More aggressive malpractice climates don’t necessarily protect patients from surgical complications, a new study suggests
Supporters of medical malpractice laws that make it easier for patients to sue doctors say these protections are necessary to improve care. But in the current study, the risk of litigation didn’t translate into better outcomes, said study leader Dr. Karl Bilimoria, director of the Surgical Outcomes and Quality Improvement Center at Northwestern University’s Feinberg School of Medicine in Chicago.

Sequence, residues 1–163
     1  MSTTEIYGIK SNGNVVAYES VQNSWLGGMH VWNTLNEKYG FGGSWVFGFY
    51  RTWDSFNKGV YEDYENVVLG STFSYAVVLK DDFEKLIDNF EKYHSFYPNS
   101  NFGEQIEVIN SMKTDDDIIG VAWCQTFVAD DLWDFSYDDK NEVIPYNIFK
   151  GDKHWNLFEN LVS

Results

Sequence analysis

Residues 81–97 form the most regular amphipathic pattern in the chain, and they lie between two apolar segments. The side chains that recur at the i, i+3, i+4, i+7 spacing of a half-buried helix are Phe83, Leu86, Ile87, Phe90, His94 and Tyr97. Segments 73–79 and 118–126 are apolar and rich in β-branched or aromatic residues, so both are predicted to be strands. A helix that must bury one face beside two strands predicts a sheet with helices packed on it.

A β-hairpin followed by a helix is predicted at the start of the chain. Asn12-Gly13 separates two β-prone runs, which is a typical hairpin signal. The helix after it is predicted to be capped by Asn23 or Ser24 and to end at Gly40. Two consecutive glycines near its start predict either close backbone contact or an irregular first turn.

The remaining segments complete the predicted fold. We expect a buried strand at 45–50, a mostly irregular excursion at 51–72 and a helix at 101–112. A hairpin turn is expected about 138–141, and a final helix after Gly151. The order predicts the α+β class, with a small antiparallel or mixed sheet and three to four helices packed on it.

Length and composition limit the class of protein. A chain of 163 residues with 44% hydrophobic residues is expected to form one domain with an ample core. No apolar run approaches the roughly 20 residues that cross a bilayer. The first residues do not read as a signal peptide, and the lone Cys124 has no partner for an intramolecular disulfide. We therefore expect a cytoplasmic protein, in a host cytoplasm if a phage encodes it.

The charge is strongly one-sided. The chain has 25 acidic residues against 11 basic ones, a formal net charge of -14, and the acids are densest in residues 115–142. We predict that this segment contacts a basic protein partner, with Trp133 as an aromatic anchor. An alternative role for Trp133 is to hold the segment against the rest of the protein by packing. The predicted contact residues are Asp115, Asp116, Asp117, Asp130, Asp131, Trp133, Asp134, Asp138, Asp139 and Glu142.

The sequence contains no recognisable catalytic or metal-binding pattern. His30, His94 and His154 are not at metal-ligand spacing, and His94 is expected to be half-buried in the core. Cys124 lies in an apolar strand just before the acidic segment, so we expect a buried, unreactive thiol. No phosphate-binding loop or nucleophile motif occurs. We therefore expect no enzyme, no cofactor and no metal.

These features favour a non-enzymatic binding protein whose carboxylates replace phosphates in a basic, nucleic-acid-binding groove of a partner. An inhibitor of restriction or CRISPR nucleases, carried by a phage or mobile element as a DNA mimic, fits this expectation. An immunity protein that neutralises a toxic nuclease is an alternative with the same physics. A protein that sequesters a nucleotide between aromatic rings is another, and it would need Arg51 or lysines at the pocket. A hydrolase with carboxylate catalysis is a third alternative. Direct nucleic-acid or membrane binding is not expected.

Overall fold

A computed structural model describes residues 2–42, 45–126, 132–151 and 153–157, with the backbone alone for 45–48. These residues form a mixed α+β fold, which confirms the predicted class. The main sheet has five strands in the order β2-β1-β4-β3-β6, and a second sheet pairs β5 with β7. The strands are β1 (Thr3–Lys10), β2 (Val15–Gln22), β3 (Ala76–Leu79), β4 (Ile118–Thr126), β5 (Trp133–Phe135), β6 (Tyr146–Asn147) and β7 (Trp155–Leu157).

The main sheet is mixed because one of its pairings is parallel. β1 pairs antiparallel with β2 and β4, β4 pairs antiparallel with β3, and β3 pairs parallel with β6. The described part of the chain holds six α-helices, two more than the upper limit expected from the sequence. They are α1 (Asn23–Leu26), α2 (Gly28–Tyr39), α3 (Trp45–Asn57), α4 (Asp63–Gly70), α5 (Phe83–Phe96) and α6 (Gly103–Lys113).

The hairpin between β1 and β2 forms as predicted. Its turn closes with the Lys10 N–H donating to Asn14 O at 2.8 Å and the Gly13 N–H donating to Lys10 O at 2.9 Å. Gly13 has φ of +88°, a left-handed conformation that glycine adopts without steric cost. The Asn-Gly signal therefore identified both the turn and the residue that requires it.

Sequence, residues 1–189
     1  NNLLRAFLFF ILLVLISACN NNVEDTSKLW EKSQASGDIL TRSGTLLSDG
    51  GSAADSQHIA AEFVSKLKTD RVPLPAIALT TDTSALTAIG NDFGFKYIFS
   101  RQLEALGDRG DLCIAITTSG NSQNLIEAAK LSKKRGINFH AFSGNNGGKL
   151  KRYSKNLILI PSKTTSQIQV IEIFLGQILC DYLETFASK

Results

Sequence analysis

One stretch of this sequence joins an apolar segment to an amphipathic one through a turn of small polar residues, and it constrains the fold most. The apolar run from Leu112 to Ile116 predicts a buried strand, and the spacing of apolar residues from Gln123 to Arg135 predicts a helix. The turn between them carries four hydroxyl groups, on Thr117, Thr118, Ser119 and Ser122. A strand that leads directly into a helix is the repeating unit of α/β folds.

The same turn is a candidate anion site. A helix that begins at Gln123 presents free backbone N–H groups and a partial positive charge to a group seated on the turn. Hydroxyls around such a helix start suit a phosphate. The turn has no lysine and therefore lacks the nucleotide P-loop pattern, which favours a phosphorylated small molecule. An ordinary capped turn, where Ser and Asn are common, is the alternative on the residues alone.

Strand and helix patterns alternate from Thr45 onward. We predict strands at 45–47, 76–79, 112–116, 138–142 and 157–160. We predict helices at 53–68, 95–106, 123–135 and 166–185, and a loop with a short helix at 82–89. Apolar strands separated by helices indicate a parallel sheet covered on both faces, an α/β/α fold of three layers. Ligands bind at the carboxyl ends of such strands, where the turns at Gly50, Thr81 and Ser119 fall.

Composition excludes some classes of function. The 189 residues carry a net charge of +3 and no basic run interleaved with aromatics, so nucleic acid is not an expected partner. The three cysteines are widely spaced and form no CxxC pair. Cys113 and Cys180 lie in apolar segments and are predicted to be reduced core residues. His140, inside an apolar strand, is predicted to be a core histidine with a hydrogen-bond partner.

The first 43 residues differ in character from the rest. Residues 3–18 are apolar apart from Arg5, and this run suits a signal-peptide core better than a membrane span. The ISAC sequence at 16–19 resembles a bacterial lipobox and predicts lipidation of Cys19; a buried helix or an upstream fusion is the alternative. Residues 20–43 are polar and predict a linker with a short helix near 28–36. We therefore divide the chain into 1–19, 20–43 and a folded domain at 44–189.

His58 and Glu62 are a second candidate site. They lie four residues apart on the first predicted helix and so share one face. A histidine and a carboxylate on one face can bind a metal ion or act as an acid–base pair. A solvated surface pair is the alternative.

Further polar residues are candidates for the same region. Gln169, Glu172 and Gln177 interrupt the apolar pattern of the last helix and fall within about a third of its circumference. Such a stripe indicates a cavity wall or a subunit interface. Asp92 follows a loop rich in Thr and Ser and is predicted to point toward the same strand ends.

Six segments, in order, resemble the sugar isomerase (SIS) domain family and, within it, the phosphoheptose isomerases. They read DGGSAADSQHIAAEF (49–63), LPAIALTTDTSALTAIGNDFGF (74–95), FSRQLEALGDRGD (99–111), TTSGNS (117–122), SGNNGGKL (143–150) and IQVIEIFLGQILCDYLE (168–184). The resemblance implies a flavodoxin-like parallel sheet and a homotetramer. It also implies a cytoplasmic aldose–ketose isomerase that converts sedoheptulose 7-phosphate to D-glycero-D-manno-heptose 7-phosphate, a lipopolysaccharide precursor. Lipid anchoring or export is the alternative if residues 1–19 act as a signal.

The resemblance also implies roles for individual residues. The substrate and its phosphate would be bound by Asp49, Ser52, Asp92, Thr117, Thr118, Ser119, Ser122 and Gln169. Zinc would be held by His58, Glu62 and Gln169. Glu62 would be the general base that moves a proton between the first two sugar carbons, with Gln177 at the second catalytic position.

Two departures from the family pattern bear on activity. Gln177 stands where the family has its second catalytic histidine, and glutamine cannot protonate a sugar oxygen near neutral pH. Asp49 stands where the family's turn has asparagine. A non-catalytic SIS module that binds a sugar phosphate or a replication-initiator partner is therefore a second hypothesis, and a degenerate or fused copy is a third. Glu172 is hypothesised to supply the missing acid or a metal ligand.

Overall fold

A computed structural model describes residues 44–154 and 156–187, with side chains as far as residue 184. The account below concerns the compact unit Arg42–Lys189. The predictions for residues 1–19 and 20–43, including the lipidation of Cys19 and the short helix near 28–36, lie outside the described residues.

Still, the results add to a growing body of evidence suggesting that tort reforms aren’t associated with better outcomes, said Michelle Mello, a law professor at Stanford University in California who wasn’t involved in the study.
“This study contributes further evidence that liability pressure doesn’t spur doctors to get better results for patients, but neither does adopting reforms to limit liability,” Mello said by email.Read More